metal extraction carbon reduction blast furnace

Carbon reduction is a method for extracting metals with an intermediate reactivity from ore.

 
 
blast furnace iron ore extraction

Iron ore blast furnace.

(Image: zephylwer0, Pixabay)

Electrolysis

  • Metals that are more reactive, such as aluminium and magnesium, cannot be extracted from minerals by carbon reduction.
    This is because they are more reactive than carbon, therefore cannot be displaced by it when part of a compound.
  • Instead, these reactive metals are extracted by a process called electrolysis.
    Electrolysis is a non-spontaneous redox reaction, which involves the passing of an electric current through molten ore.
    The electric current causes electrons to be added to the metal ions, thus reducing them to pure metal.
    Example
    aluminium oxide (+ heat + electricity) aluminium + oxygen
    2 Al2O3    4 Al  +  3 O2
  • Since electrolysis is a redox reaction, there are two reactions taking place.
    The first is the reduction reaction, involving the metal.
    Example
    Al3+  +  3 e    Al
    The second is the oxidation reaction, involving the non-metal.
    Example
    2 O2-    O2  +  4 e
  • Electrolysis involves a positive electrode, known as an anode, and a negative electrode, known as a cathode.
    The reduction reaction takes place at the cathode.
    Positive metal ions are attracted to the negative electrode, where they gain electrons (are reduced) to become metal atoms.
    The oxidation reaction takes place at the anode.
    Negative non-metal ions are attracted to the positive electrode, where they lose electrons (are oxidised) to become non-metal atoms (which then form molecules).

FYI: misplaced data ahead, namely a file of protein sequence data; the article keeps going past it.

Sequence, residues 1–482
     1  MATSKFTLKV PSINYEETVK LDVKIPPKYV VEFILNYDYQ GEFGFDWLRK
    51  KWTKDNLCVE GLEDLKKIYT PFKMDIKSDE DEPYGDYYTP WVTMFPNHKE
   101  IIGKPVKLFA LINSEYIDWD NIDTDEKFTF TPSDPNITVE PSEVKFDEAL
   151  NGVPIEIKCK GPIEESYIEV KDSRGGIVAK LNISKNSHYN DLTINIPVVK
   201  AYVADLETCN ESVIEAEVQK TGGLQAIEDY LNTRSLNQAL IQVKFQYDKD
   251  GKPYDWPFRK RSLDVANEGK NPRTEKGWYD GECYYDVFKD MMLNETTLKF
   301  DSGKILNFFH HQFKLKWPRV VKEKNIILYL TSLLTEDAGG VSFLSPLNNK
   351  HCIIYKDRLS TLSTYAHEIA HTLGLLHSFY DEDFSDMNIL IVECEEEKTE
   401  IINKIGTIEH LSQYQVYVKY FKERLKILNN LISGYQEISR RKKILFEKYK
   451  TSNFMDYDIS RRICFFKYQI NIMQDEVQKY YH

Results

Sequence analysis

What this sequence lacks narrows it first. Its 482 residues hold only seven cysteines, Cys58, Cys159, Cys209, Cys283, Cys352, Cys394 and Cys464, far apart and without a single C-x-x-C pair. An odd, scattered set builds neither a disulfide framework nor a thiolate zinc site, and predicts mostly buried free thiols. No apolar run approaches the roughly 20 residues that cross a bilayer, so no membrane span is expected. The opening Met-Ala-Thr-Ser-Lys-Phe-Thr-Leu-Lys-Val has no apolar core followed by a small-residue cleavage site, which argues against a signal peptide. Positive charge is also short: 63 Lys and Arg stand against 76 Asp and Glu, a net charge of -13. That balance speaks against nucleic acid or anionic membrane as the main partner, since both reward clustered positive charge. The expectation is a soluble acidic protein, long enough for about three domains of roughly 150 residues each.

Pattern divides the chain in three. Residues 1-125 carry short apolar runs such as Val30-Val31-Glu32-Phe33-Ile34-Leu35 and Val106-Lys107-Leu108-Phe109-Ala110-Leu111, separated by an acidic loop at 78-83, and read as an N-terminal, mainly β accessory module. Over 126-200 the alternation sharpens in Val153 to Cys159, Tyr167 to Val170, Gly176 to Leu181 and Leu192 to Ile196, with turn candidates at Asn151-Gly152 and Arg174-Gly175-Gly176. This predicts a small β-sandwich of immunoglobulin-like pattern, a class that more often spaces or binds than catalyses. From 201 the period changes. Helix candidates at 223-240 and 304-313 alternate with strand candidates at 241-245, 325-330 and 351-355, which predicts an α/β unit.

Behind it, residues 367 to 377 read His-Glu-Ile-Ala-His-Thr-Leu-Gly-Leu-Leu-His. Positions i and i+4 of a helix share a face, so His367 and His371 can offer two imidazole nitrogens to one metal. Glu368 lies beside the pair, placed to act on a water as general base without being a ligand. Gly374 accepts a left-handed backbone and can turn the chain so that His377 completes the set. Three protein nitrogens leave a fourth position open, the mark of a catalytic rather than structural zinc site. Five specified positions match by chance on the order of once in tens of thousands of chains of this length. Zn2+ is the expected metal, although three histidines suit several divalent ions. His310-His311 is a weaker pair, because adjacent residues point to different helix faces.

metal extraction electrolysis

Electrolysis can be used for extracting very reactive metals from ore.

 
 
aluminium smelter metal extraction electrolysis

Aluminium smelter.

(Image: Yakov Fedorov, Wikimedia Commons)

 

Summary

  • In nature, most metals exist as compounds (minerals) embedded in surrounding rock (ore).
    Only the least reactive metals, such as gold and silver, exist in their elemental metallic form.
    These metals are known as native metals.
  • The chemical reactivity of metals also determines their method of extraction.
  • Native metals undergo physical separation processes, such as froth flotation.
    Froth flotation uses detergents to create floating bubbles that adhere to metal particles, while other materials settle out and are removed separately.
  • Metals with an intermediate reactivity, such as iron and zinc, are chemically extracted from minerals by a process known as carbon reduction.
    Carbon reduction is a type of redox reaction, where carbon is used to displace a metal from a compound.
    The crushed ore is mixed with carbon and limestone, then heated to a molten state (smelted) in a blast furnace.
    In the subsequent chemical reaction, the metal-containing compound is reduced (loses oxygen) to form pure metal, and the carbon is oxidised (gains oxygen) to form carbon dioxide.
  • Very reactive metals are extracted by a process called electrolysis.
    Electrolysis is a non-spontaneous redox reaction, which involves the passing of an electric current through molten ore.
    The electric current causes electrons to be added to metal ions, thus reducing them to metal.

 
molten iron metal

(Image: Erdenebayar, Pixabay)

 

(Header image: shibang, Pixabay)